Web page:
I inherited the recipe for these crunchy and buttery biscuits from my lovely grandmother, Mimmi. Every year when I was a child and when she was still alive (she would have been 103 years old this year!) she brought us a big tin of the little rings, decorated with chocolate. My mother baked these biscuits, too, until she gave her old Kenwood Chef to me and now I continue with the tradition. To achieve the specific shape of the rings as shown on the picture, a Kenwood chef or other food processor with a biscuit press attachment (basically a meat grinder with a mounted stencil for piping dough in different shapes) is required. However, the dough can also be rolled into thin sausages and formed into rings by hand. As an alternative, the dough can be pressed into Madeleine moulds. I suppose it could also be rolled out and cut into shapes with a cookie cutter, but I have not tried this yet. A regular biscuit press or piping bag will not work (I am speaking from experience), because the dough contains a lot of nuts and is too tough.
This recipe is enough for a very large tin full of biscuits. If the biscuits have to be shaped by hand the process will take quite a bit longer, so I would probably only go for half the recipe for a start.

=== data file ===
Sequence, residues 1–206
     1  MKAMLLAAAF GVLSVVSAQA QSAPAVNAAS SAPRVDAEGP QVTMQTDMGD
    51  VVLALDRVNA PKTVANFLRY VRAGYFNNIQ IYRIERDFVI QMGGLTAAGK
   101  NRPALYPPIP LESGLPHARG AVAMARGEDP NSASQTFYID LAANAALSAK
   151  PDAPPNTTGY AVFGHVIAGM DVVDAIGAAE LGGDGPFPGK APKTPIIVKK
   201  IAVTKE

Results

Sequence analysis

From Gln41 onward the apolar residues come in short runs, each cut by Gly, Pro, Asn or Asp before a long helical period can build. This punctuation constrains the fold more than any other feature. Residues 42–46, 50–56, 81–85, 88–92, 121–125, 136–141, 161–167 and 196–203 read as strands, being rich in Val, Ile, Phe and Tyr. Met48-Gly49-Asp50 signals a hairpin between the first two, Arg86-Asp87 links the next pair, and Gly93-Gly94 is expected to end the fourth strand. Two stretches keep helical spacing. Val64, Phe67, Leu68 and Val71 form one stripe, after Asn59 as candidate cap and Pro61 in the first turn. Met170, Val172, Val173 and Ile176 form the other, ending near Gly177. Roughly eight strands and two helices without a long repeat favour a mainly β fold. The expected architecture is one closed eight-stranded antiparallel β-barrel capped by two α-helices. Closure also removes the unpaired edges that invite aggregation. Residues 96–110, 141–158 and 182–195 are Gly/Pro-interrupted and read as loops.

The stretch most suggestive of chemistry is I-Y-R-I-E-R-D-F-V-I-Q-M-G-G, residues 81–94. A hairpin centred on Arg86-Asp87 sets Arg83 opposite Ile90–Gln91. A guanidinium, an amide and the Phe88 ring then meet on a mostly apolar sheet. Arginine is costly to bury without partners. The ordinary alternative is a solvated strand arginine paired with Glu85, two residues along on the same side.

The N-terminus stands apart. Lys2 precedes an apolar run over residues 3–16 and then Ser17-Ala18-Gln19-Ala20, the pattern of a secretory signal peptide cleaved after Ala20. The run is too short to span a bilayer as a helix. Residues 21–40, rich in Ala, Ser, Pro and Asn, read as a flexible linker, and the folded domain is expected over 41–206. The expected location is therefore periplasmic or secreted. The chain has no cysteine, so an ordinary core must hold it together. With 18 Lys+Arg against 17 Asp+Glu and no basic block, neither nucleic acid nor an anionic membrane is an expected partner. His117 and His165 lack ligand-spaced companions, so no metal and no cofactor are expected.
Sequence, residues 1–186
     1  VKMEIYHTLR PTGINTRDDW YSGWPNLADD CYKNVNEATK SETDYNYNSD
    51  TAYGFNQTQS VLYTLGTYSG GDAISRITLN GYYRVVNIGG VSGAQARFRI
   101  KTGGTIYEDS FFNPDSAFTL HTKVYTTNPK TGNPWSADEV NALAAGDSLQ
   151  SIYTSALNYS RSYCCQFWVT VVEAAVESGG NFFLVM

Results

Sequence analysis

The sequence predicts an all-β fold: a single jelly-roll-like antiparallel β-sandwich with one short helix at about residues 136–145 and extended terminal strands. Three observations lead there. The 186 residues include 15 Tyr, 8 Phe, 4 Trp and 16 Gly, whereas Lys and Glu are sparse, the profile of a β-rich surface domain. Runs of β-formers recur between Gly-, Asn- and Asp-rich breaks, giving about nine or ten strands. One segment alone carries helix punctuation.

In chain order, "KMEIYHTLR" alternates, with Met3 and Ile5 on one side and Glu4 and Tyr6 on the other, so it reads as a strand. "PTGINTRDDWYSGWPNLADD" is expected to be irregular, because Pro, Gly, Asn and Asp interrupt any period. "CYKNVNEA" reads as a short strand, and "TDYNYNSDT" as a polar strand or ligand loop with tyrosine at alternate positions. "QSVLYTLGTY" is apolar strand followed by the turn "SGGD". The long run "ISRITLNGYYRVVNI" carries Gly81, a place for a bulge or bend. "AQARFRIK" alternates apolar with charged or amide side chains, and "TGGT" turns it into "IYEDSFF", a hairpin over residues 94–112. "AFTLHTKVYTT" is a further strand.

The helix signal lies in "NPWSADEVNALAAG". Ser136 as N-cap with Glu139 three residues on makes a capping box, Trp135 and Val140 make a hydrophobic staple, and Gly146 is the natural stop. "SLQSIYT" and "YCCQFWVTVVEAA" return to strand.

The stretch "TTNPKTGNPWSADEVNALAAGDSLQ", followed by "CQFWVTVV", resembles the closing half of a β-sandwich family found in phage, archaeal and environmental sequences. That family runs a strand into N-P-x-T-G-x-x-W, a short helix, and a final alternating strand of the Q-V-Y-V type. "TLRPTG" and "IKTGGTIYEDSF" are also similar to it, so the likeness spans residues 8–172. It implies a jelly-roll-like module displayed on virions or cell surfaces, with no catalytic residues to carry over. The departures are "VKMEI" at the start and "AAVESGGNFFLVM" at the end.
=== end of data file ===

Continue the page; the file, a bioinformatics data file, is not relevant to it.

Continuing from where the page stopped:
450g plain flour
200 g sugar
250 g butter
250 g blanched and ground almonds
Seeds from one vanilla pod
150 g dark chocolate to decorate
Mix all of the ingredients (apart from the chocolate) in a food processor or by hand until you have a firm ball of dough. Leave to rest in the fridge for about one hour. Use the biscuit press attachment of your food processor to pipe long strings of dough, cut into pieces about 10 cm long and form into rings. Alternatively, knead sections of the dough until it is elastic, divide the dough into smaller pieces and roll these into sausage shapes about 1 cm thick. Cut into pieces and form into rings. If you would like to make Madeleine shapes, just press pieces of the dough into the mould.
Place the biscuits on a greased baking sheet (or on a baking sheet covered in baking paper) and bake at 180 degrees for about 15 minutes. Leave to cool and decorate with melted chocolate. The biscuits can be kept for quite a few weeks and they stay crunchy if kept in a tin. My grandmother was sometimes known still to have a stash of Spritzgebäck in her larder by Easter.